The Emerging Church

Discussion in '2005 Archive' started by Jacob, Feb 15, 2005.

  1. Jacob

    Jacob
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    I have recently been faced with churches and people involved in this movement. There are several aspects which I find problematic. Before getting into these I would like some feedback from others who may have some experience with the emerging church.

    Jacob.
     
  2. rlvaughn

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  3. James_Newman

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    I ganked this off of the first link posted by rlvaughn.
    What do you suppose it means to 'shake off' our 'leave it to beaver' orientation and 'begin swimming within the postmodern culture?'

    Here is a snippet from the page describing post-modernism:
    Here's another good one:
    It seems generation X is going to remake the church in our own image. I wonder if they need a new bible translation ;)
     
  4. Jacob

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    rlvaugn,

    Yes. It is not a denomination but rather a cross denominational movement.

    It is very anti traditional church and refers to all other churches as "institutional churches".

    It's leaders are names like Brian McLaren, Dan Kimbal, and Leonard Sweet.

    Jacob.
     
  5. Bro. James

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    Things gleaned from the title page of: emerging church.org:

    1. The church is organic--evolving, reforming.

    2. We must build upon the learnings of the first reformation.

    3. Authenticity is primary to post modern people.

    4. Vast ecumenical resources are available.

    Sounds like "rubbbish" out of "New Age". However, this type of thinking goes back to at least the Council of Nicea.

    Authenticity is an interesting notion: it is possible to be authentic and wrong.

    An old latin phrase is appropriate: ex nihilo nihil fit; literally: nothing comes from nothing.

    Beware the wolves in sheep's clothing.

    Selah,

    Bro. James
     
  6. Pastor Larry

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    "Emerging church" is a lot like postmodernism ... It is a huge junk drawer that defies categorization. Leonard Sweet edited a five views type book called "The Church in Emerging Culture." It is a pretty good read. Mark Driscoll at Mars Hill Seattle would be an example of some of what's right in the Emergent Chruch movement. His book, Radical Reformission, is a good read. You can read McManus (An Unstoppable Force) and Martoia (Morph!).

    Overall, the emergent church is a kind of return to medievalism of sorts. Strange in many, if not most ways. It is a reaction against the marketing/seeker church/pdc paradigm.
     
  7. av1611jim

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    I found this at the same link Bro. James N did.


    "my most precious images of church still come from my time at the st. catherine catholic worker house on the south side of chicago. st catherine was a community of people living and working among those living with h.i.v."

    Catholic = precious?
    HMMM

    Yep beware of the "wolfies". Just because it is "new", it doesn't mean it is NEW.

    In HIS service;
    Jim
     
  8. Jacob

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    I have found that the emerging church isn't just a change in methods to reach more people for the kingdom but comes with it's own theology as well. That theology is relativism. In an attempt to reach the postmodern they have embraced post modern thought themselves. It seems to me that they are on a slippery slope towards theological liberlism.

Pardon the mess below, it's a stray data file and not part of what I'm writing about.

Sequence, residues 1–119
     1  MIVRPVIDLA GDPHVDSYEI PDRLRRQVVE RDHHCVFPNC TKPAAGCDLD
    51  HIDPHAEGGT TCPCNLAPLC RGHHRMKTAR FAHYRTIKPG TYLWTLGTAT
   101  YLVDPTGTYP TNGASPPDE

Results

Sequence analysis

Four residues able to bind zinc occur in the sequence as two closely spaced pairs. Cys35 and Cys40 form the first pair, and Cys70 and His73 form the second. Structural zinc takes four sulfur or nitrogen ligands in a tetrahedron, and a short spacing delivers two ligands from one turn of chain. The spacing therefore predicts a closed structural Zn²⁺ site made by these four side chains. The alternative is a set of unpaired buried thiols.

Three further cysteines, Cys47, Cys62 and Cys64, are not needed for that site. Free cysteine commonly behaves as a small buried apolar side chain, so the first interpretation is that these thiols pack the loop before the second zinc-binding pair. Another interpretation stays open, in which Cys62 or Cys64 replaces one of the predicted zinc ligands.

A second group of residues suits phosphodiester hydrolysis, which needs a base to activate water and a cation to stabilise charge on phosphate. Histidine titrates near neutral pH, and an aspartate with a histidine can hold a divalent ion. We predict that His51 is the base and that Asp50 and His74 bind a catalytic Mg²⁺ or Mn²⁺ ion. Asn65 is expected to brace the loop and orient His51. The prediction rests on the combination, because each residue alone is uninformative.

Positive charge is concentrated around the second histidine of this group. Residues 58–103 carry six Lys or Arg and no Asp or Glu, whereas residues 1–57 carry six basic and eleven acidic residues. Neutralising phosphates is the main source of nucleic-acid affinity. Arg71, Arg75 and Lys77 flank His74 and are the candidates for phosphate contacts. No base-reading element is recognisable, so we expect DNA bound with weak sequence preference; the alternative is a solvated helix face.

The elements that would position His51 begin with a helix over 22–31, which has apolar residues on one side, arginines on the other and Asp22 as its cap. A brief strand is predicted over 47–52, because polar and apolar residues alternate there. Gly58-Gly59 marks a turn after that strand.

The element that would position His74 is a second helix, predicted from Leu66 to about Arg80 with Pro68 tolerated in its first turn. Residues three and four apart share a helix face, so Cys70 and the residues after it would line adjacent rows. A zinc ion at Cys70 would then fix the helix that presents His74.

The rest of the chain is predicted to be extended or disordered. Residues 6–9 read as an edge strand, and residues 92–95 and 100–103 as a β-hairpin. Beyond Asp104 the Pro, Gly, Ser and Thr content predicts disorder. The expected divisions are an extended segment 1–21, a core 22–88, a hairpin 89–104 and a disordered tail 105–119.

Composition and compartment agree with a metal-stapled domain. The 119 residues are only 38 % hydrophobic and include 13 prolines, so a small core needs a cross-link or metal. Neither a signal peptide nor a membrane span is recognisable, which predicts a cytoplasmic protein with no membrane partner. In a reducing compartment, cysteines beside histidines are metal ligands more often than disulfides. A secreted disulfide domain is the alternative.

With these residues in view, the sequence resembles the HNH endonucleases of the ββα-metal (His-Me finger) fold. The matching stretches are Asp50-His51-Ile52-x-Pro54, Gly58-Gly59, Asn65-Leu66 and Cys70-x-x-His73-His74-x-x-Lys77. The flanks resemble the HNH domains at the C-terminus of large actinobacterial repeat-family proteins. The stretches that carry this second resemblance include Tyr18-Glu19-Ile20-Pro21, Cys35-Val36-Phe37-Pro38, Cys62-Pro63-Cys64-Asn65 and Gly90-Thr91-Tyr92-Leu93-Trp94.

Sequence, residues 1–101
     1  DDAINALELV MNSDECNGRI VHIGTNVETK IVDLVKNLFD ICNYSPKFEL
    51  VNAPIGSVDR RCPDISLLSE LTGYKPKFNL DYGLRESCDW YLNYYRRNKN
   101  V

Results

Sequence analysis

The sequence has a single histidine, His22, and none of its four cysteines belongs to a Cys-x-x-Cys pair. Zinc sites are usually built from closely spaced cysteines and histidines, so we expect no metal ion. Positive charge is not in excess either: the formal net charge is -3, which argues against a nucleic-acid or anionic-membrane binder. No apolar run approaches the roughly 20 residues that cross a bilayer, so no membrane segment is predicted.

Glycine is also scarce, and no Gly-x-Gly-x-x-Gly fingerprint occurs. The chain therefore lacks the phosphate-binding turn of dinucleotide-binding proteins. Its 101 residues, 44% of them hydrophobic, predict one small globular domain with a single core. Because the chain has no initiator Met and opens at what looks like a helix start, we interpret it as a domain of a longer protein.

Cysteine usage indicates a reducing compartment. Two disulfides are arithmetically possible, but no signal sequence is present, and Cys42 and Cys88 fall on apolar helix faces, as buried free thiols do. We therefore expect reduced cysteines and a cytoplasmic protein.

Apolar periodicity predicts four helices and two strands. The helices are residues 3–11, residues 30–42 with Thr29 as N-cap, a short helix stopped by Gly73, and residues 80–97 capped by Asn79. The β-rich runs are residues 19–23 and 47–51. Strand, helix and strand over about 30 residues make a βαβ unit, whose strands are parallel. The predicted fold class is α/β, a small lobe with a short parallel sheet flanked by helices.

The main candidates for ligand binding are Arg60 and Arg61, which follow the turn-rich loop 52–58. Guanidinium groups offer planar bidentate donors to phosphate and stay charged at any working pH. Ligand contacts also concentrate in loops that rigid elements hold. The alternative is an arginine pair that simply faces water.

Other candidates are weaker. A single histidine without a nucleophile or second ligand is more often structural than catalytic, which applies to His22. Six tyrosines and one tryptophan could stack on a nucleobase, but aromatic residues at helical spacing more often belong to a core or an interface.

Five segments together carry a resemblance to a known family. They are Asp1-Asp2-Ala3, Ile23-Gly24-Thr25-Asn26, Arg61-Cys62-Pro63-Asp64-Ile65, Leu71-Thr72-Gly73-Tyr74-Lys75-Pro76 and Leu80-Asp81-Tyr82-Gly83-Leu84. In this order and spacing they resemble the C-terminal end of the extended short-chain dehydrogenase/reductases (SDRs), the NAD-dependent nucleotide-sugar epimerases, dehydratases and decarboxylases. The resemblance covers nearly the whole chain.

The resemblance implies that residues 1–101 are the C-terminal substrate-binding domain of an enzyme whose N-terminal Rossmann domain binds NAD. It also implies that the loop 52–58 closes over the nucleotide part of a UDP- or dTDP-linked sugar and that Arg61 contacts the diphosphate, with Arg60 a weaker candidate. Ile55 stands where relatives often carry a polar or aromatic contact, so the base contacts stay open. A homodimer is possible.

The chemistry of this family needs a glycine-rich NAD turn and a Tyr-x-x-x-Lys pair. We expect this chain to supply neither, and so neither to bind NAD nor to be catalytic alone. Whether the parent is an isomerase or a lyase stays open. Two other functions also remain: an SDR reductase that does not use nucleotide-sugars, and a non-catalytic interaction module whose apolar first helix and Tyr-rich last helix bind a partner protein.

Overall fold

The others areas are more minor but troublesome none the less. Worldy potty mouth profanity, broad brushing all institution churches as bad, a tolerance of more liberal views but intolerance towards more conservative ones and a lack of church accountability and discipline.

    Mclaren refers to a "flexible theology", I've seen the term "saved" mocked on emerging blogs, I've never heard talk of heaven and hell. Grey areas are always defaulted to the more liberal "interpretation". These types of things concern me.

    Jacob.
     
  9. Pastor Larry

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    What's interesting Jacob is that some of it, perhaps the majority, is like that, but not all. Driscoll calls himself an old school Bible guy .... believes in inerrancy and authority, and pulls no punches. He mocks churches where all doctrines are welcome.
     
  10. donnA

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    I think I've heard this somewhere, this will be interesting.
     
  11. Purple Lady

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    Yikes -
    To believe whatever you want to believe makes it "right" because it's flexible and changing?

    Real scary....
     
  12. James_Newman

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    The gospel has changed, people. Jesus didn't die to save us from sin, He came to show us how to be good and have a good life. He just wants us to be happy and whatever our little black hearts desire is OK with Him, huh?
     
  13. Jacob

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    Pastor Larry, I looked into that Mars Hill church a little and yes it does seem solid. I would wonder if he is accepted in the emerging crowd or not. Most of the crowd seems to be into fluff.

    James, is that a quote? If so, where did you get it from?

    I am trying to figure out if this movement is something to be warning people about or cautioning them to tread carefully. From my isolated experiences it's raising red flags bigtime.

    Jacob.
     
  14. James_Newman

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    No, not a quote.
     
  15. donnA

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    I just had time to read everything, and YIKES!
    Sounds like comprimise to be accepted by the world. The church should be the church and let God do the drawing like He always has.
     
  16. ScottEmerson

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    One of the interesting things about the emerging church is its connection to the ancient church. Liturgy is returning as part of the worship service, giving to support others increases, and I've never seen an actual emerging church or heard of one that did anything that would be heretical in the areas of Jesus being the only way of salvation.